review: Far From Afghanistan (John Gianvito with Travis Wilkerson, Jon Jost, Minda Martin, Soon-Mi Yoo)

13 Sep
September 13, 2012

This is a very quick-hit review of a complex film project that is explicated far more thoroughly by Cinema Scope, so I will just focus on a few key points.

I think I have a very clear bias when it comes to films about war, and that is that I like them better the more that they tell me about people’s direct experiences of it.  And there is plenty of footage from Afghanistan here—some moments of it intense and/or gory enough to merit a warning I’d say—but the strange fact here is that this seems to have been gathered by Afghan videographers separately from the five Western films of the omnibus, and then inserted as context.  For me it is far more powerful than anything contributed by the filmmakers themselves.

Gianvito’s own segment is somehow simultaneously too offbase and too heavyhanded, with its images of indulgent, lazy Westerners contrasted pedantically with audio accounts of civilian deaths and injuries in the war.  Jon Jost’s “Empire’s Cross” impressed me with its nerve, putting the faces and names of the 9/11 terrorist attackers on screen, but then devolving into an audio/video mashup of Eisenhower’s “Cross of Iron” speech with war imagery.  Soon-Mi Yoo’s “Afghanistan: The Next Generation” mixing archival documentary footage from the Soviet invasion of Afghanistan with fresh scenes of contemporary Afghan life, focusing on youth.  Somehow this juxtaposition did little for me, although both sets of footage are interesting on their own terms.  Minda Martin’s “The Long Distance Operator” is a rather weak fiction about the implications of remotely-conducted warfare.  It tries to achieve authenticity by casting actual vets, but this can’t hide weak writing and acting.  Travis Wilkerson’s “Fragments of Dissolution” risks taking the entire film off the rails by telling 4 stories of poverty and suicide among American war vets; a tragic subject that no doubt merits a film of its own, but risks undercutting the main thrust of this project with its super-dramatic black-and-white aesthetic and grief-wracked interview subjects.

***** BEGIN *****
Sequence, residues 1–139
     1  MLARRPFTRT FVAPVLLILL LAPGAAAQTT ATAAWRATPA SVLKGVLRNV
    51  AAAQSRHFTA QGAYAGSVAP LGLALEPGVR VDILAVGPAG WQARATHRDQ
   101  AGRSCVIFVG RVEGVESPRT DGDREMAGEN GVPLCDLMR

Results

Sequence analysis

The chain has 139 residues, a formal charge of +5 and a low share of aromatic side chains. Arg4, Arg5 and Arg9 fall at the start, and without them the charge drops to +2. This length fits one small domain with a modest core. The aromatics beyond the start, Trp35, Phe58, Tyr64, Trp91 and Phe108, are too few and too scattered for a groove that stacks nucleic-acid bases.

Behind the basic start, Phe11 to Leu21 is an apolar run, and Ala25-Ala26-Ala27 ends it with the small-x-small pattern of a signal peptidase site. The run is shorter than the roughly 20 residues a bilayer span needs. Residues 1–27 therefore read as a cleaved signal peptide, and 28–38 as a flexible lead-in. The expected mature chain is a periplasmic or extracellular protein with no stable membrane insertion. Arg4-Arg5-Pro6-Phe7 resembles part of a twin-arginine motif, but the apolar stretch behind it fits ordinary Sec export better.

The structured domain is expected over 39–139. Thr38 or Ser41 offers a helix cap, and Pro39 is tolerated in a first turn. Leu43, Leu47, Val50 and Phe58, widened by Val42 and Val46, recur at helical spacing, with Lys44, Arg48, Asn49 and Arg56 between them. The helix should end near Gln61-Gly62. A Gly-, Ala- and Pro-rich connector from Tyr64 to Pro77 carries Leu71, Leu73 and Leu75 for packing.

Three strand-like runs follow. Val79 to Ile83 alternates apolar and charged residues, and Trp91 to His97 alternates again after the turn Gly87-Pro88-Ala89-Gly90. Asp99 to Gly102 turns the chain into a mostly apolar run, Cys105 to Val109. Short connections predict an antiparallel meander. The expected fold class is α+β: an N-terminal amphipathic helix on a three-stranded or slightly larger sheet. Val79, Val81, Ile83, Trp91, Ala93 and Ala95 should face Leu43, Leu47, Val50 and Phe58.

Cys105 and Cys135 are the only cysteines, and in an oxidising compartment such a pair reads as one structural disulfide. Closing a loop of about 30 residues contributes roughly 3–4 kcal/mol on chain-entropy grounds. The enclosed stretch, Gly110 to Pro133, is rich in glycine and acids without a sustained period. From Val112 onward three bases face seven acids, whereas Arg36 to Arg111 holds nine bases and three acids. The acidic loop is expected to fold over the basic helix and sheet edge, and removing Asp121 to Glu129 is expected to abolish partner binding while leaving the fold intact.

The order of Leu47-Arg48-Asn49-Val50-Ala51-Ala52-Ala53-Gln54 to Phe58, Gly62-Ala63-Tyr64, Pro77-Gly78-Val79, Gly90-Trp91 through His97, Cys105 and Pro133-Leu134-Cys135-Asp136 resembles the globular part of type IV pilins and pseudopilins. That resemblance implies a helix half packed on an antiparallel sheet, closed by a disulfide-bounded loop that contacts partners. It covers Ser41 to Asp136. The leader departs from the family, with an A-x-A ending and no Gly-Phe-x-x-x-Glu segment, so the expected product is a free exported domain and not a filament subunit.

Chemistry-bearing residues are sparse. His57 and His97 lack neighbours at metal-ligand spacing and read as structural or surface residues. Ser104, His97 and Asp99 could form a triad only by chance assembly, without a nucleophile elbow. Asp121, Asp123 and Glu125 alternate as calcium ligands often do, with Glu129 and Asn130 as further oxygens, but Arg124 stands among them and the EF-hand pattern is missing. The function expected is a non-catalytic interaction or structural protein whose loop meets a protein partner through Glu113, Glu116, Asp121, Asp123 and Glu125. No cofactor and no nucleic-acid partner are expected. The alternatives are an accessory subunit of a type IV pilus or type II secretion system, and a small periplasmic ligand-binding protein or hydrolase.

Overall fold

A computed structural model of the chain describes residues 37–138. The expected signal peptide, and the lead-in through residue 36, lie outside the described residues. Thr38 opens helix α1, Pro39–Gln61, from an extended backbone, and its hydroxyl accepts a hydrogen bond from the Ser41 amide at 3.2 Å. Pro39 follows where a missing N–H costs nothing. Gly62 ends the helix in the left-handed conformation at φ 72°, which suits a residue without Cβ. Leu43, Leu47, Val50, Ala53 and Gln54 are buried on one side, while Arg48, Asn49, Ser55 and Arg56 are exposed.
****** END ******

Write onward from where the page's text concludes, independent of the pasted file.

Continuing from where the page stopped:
I say all this and yet, with the except of the last segment I was constantly engaged by this film.  But it is one thing to protest the fact that in 2011 only 2% of news media coverage focused on the war, even as the American and Afghan casualty counts were at an all-time high.  It is another thing to try successfully to tell the stories that aren’t being told. In that respect this attempt, well-intended as it is, falls a bit short.

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